Oil and gas industry representatives see recently released fugitive emissions rules in Wyoming as straightforward to comply with, but environmental advocates would like to see more stringent standards in place.
Under standards issued by the Wyoming Department of Environmental Quality, or DEQ, new and modified facilities that meet a certain emissions threshold will have to submit quarterly fugitive emissions monitoring data.
The rule echoes 2016 U.S. Environmental Protection Agency methane emissions standards for new and modified oil and gas methane emissions sources, and operators already in compliance with federal standards will be well positioned to conform with the state's rule, John Robitaille, the Petroleum Association of Wyoming's vice president, said Jan. 3.
"I don't see that it's going to affect us any differently," Robitaille said. "It's nothing out of the ordinary. It's just really putting what EPA has required into a Wyoming rule."
The Wyoming DEQ's rule is also similar to methane emissions regulations in place in Colorado, but the Western Energy Alliance considers the Wyoming standards more practical for the industry to follow.
"Like Colorado, Wyoming requires leak detection and repair, but Wyoming concentrates on new and modified sources, whereas Colorado's includes very low-production and hence very low-emitting wells," Kathleen Sgamma, the alliance's president, said in a Jan. 3 email. "Wyoming's rules are more balanced in that they focus on potentially higher emitting sites but refrain from conducting needless repeat inspections that are impractical and wasteful of resources."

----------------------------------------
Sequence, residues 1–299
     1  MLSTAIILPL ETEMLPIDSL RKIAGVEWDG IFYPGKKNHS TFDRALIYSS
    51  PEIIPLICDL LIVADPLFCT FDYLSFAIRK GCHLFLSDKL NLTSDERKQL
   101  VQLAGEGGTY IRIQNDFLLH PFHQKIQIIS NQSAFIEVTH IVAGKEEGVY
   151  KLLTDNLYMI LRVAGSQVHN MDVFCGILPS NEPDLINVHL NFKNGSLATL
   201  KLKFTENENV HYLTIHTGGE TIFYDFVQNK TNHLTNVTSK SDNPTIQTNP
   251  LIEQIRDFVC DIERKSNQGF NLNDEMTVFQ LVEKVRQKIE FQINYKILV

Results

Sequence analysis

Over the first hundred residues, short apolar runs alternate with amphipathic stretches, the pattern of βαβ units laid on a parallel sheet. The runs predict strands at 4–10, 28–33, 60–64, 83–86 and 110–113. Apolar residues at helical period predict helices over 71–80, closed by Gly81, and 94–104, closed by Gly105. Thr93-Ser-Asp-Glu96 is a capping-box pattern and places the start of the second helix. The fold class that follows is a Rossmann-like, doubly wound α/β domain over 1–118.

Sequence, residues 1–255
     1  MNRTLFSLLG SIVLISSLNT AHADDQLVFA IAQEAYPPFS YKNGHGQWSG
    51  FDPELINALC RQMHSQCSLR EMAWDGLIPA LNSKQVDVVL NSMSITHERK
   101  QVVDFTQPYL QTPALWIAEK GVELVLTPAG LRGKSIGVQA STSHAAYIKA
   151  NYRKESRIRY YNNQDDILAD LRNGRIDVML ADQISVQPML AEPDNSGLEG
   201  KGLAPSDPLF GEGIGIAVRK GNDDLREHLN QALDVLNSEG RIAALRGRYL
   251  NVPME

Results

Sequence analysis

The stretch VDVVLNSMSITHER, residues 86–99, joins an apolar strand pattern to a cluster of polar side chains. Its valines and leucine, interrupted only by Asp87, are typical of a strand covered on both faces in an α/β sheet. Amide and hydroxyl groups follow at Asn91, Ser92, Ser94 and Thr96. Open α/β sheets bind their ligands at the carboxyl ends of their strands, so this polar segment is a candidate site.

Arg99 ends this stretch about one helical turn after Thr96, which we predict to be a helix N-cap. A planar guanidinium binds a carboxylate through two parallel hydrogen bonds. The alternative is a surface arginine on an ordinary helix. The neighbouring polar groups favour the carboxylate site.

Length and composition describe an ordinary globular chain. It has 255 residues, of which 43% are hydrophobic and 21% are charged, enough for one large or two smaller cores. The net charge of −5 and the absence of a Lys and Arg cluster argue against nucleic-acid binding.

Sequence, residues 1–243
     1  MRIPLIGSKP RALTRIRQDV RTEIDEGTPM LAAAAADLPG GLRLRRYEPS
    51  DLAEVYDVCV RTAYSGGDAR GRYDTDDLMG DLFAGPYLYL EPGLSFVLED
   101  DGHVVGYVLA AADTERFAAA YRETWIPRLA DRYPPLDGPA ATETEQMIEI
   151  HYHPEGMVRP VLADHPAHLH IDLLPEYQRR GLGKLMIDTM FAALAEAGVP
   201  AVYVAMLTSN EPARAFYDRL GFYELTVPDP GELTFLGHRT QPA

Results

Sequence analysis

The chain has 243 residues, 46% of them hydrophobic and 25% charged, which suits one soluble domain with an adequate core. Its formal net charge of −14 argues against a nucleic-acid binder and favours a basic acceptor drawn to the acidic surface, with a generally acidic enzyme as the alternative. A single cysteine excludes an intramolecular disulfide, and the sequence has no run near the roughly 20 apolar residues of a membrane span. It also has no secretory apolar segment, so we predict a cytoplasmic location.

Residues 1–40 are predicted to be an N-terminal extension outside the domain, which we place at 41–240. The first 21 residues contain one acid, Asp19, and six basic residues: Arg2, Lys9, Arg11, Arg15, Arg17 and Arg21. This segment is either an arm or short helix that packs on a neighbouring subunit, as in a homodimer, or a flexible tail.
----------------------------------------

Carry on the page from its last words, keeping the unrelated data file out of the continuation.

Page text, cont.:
The Environmental Defense Fund objected to the Wyoming DEQ's decision to focus the rules on new and modified sources, excluding three-quarters of the existing ones. Still, the group acknowledged that the "overwhelming majority of new drilling in Wyoming ... will be subject to these new standards."
"These are commonsense standards supported by oil and gas companies because they include proven, affordable ways to reduce pollution and stop energy waste," Jon Goldstein, the Environmental Defense Fund's director of regulatory and legislative affairs, said in a statement. "EDF stands ready to work with the incoming administration and other Wyoming leaders to develop the strongest standards possible, including reducing emissions from the thousands of existing well sites across Wyoming."
A number of stakeholders recommended that the agency expand the fugitive emission requirements already in place for the state's Upper Green River Basin, which has stricter rules because it is out of compliance with federal ozone standards. However, the DEQ decided not to apply these rules to oil and gas sources in the rest of the state because the rest of the state does not face the same ozone concerns.
The DEQ also said a number of public comments recommended that it prohibit all but "no-bleed" pneumatic devices at oil and gas sites, allowing only those that do not release methane and other emissions as a part of their normal function. The agency noted that no-bleed components need electricity or compressed air to work correctly and that not all sites have access to power and compressed air, making no-bleed devices cost-prohibitive and logistically challenging.
The Wyoming DEQ rule was published Dec. 27 and goes into effect Feb. 1.